We welcome Catherine LeClair to the Garrison Institute!
Catherine brings significant experience to her position as the new Director of Development at the Garrison Institute. Previously she was the Director of Foundation and Government Relations for New York City Ballet. Prior to that Catherine was the Director of Development for the American Craft Council and she began her fundraising career in New York City as the Development Associate for the Martha Graham Center of Contemporary Dance.
Catherine also has experience in marketing and education. She was the Marketing Director for the Bangor Symphony Orchestra and the Education Coordinator for the Penobscot Theatre Company, both in Bangor, Maine. Catherine has a B.A. in Theater Studies from Wellesley College.
We’re delighted that Catherine has joined our team and to introduce her to our community. We asked her a few questions about herself and what drew her to the Institute’s work.
You started your career in marketing and education. Why did you transition into development?
When I was marketing director of the Bangor Symphony Orchestra I watched my development colleague with some envy. What appealed to me was the way she seemed to involve people more deeply with the organization’s mission and programs. Her focus was building and strengthening a community of supporters who cherished the whole organization. This suited my personality better than the more short-term approach to selling tickets to concerts that I was doing. So when I moved to New York City nearly 13 years ago I looked for development positions and not marketing ones even though that meant starting at the junior level again.
A lot has changed in the marketing and development worlds since then—at least as I’ve observed in the NYC arts scene—and there is greater emphasis on building relationships with the audience in ways that are meaningful to them, so I think marketing and development are more aligned than ever. It’s a continuum of relationship with patrons and donors that we are developing together in order to build a community across the spectrum of involvement with the Institute.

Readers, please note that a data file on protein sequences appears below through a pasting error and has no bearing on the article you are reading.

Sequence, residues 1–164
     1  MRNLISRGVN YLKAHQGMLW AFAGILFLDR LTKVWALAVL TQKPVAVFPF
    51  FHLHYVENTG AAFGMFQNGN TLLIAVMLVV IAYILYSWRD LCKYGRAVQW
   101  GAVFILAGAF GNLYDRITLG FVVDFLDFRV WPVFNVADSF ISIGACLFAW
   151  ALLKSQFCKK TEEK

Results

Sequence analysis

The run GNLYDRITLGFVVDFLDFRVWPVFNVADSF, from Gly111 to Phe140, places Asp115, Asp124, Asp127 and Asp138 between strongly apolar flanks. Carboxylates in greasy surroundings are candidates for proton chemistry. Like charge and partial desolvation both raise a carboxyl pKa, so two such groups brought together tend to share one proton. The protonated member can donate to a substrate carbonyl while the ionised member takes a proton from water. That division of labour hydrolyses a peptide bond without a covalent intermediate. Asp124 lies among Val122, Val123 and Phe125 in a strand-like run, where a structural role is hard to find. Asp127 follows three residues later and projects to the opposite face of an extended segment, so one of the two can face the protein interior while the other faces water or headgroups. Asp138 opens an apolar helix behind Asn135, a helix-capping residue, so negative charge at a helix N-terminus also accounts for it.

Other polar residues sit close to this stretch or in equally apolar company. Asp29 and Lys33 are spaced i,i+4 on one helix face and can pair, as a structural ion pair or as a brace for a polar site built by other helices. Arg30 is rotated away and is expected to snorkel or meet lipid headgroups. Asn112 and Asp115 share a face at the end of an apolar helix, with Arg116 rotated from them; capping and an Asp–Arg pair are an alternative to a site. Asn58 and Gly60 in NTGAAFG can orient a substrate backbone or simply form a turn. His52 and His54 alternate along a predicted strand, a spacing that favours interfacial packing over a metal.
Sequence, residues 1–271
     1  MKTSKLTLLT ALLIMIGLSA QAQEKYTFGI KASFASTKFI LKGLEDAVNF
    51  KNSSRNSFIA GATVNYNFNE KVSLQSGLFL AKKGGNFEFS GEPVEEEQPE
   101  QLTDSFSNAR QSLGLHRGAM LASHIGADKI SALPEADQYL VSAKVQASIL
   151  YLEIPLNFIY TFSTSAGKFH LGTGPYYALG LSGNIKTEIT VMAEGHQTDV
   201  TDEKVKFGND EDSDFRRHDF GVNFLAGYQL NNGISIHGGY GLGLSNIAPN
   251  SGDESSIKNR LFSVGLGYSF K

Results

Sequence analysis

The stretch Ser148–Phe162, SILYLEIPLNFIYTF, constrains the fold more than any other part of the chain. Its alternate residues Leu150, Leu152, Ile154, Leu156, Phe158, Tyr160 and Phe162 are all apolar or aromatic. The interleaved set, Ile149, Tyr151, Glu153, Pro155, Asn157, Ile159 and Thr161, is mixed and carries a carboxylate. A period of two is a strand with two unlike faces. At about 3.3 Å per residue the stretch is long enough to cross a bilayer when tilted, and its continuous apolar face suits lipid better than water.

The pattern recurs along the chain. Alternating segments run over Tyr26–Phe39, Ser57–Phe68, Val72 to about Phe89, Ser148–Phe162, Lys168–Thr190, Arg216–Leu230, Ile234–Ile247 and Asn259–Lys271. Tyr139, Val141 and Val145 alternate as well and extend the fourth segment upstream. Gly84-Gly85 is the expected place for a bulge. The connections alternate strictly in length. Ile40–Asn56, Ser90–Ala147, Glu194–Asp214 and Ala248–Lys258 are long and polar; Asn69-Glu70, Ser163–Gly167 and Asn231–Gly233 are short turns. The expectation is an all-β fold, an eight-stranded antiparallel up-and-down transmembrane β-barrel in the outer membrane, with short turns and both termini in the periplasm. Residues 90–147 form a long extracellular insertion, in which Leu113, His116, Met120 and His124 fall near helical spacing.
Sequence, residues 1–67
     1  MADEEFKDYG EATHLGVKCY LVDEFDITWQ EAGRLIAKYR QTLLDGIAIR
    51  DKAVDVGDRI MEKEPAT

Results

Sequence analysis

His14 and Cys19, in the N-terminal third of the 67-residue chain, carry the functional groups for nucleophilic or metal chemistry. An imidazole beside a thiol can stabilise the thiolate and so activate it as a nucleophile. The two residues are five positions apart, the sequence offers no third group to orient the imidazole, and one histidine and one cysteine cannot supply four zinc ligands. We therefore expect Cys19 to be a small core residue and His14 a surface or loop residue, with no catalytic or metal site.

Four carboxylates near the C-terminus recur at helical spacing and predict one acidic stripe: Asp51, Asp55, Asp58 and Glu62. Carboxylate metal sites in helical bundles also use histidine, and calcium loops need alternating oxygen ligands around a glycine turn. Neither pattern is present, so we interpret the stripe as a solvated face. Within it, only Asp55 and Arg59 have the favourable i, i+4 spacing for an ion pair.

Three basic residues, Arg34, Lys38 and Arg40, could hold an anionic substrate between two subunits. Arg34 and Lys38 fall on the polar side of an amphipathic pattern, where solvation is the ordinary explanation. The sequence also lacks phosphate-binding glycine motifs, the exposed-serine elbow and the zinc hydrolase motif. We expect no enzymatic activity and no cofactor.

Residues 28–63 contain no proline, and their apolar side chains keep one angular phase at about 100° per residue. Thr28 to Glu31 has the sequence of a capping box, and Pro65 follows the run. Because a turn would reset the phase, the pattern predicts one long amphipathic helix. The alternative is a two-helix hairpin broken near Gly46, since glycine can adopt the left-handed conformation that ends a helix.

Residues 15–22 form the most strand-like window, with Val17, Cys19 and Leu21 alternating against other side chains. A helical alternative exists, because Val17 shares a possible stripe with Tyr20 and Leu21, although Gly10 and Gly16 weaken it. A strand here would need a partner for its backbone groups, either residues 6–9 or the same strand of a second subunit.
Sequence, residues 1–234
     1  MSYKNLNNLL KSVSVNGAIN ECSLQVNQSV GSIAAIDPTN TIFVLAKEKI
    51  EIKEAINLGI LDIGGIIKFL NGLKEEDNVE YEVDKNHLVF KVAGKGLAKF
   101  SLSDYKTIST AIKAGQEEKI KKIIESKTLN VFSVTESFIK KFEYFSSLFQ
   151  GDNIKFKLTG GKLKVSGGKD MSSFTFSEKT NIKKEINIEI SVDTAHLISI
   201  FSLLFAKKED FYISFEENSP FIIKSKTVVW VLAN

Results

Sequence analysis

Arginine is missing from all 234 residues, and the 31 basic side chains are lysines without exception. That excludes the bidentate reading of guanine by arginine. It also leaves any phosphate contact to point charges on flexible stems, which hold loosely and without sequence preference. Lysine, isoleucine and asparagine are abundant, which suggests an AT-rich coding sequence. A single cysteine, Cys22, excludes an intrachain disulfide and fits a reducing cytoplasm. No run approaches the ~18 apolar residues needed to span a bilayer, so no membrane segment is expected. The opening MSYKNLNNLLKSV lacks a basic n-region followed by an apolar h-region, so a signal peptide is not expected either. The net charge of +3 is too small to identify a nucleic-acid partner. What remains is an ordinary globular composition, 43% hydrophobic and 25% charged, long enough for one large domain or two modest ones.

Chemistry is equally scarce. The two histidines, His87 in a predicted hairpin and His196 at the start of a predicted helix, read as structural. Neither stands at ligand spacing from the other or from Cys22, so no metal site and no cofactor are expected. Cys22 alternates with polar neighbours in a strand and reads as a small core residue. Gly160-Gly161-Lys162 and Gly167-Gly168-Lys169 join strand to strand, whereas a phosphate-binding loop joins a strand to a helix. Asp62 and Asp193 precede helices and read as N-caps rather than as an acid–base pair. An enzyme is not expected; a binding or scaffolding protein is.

What attracted you to the Garrison Institute?
Everything! When I visited the website and saw the words “The Urgent Need to Slow Down” float across my screen as the title of a Garrison blog post, I got excited. Then I read the mission, and it was like a bell going off. I said to myself, I get this. The possibility for my personal contemplative practice and professional life to be combined was compelling, to say the least. Plus, though I’m not a Catholic, when I went to Catholic school as a girl, I secretly wanted to be a nun. It was probably because of the sparkly rosary beads! But now working at this former monastery, I am having something of the romantic, cloistered experience I craved as a kid.
What are your first impressions of the Garrison Institute?
Beautiful and serene. A place filled with spirit. Lovely and inviting grounds.
What part of our work inspires you the most and why?
The impact that inner transformation can have on the external world. We make the world in our image, so if we want to live in a peaceful, verdant, joyful, fun, loving, compassionate, resilient world, then we need to be all those things on the inside. It’s a simple equation, but hard to do, especially when it comes to making a lasting change within ourselves. Garrison provides an opportunity for people to practice this.
What is the last thing you saw or heard that made you laugh hard?
This thing my boyfriend does with his face when he wants to make me smile… I can’t explain it very well, but it’s very, very silly and funny.